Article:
Career decisions should consist of

  • Consideration of all specialty options - there are over 60 specialties, each with subspecialties
  • Your interests outside of work
  • Whether you want opportunities for academic and/or management activities
  • Availability of full or part time work now or in the future
  • Location - rural, inner city, community, district general hospital, teaching hospital etc
  • Your family, dependents' and/or partner's career aspirations and priorities
  • Desired organisation size
  • Desired team size
  • YOU! Your priorities, likes, dislikes, strengths, weaknesses, skills etc
  • Recognition of external forces that may influence your decisions
  • Long term consequences of any decisions you make

Resources to help you make career decisions

A fantastic introduction to career decision-making is set out in Houghton A. No such thing as a wrong career. BMJ Careers. 2007; 334: 208-9.

Matching personality type to career is not a diagnostic resource but will help you to appreciate that personality traits will influence which specialties may be appropriate for you. After completing Matching personality type to career think about why the results are such, reflect on the personality type it has ‘labelled’ you as and reflect on the appropriateness of that.
Think about your traits and priorities while opening your mind to the plethora of specialties out there by completing Sci-59

A similar tool to Sci-59 is the medical specialty aptitude test (MSAT). However you must remember this is an American tool and thus its validity in the UK is not confirmed. However, MSAT and Sci-59 may be beneficial if they help you to think about what you want and the answers to important career decision-making questions and if it helps to broaden your views on potential specialties. Try MSAT here

The Modernising Medical Careers website contains a short piece written by Prof Shelly Heard to give advice on Choosing your hospital specialty

BMA Careers Services website contains information for BMA members on the correct processes to undertake when deciding upon their ideal specialty.

 The University of London Careers department present SORTIT you have to register (free) to use the site but then it stores your results for future review. Go to the “Option Generating” tab to use various resources to help to highlight the options available to you. The “Researching and exploring” tab will challenge you to think about how much you know about each of your options. Finally the “Taking decision” tab will help you to understand how you make decisions and give you ways of choosing between options.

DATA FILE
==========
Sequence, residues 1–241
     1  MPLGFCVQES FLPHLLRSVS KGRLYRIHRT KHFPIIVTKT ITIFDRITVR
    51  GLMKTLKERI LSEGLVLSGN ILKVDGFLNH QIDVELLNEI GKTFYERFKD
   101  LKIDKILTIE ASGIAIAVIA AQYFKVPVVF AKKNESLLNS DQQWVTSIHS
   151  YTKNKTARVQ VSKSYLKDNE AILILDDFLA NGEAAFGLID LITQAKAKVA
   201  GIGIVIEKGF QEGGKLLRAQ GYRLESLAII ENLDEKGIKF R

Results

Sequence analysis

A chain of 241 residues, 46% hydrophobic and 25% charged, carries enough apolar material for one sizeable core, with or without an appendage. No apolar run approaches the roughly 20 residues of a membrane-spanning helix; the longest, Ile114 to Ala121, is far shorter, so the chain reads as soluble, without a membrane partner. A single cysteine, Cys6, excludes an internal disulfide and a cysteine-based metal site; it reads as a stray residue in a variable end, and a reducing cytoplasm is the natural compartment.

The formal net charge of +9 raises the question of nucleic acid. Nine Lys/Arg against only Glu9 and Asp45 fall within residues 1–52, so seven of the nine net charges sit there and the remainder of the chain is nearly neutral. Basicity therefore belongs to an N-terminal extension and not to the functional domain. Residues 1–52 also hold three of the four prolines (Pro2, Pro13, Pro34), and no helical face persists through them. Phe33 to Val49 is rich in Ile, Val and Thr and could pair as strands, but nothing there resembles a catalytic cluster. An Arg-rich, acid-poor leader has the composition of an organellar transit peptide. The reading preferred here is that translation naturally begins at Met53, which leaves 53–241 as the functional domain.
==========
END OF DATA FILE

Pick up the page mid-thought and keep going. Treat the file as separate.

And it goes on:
Find out as much as you can about each choice. Visit Specialty Information 

De Souza B. Choosing your specialty foundation training. BMJ Careers. 2007; 334: 172-3.

Make sure you are eligible for a particular specialty/grade otherwise your application will be a waste of time. Person specifications can be found here

Check out the competition. You can access competition ratios for training posts on deanery websites. Don’t forget to consider that competition ratios are dynamic and change from year to year. Competition ratios can help you gain an impression of the popularity of the specialty however they are a reflection of the past situation and do not give you any indication on the strength of your application compared to other applicants. 

If you are contemplating a number of career options, use Weighing up your options to help you to decide which may be the most appropriate option for you.

If you have not used it already now refer to Elton C, Reid J. The ROADS to success. Postgraduate Deanery for Kent, Surrey and Sussex; 2007, to help you to make informed career decisions that have considered your current and desired situation carefully and realistically.

Going it alone when rating your strengths and weaknesses and choosing a suitable career can be tricky and inaccurate. To have help in really getting to know yourself, to make decisions and to be challenged on your decisions, talk your self-assessments, completed resources and ideas over with someone you trust to be honest, trustworthy and insightful.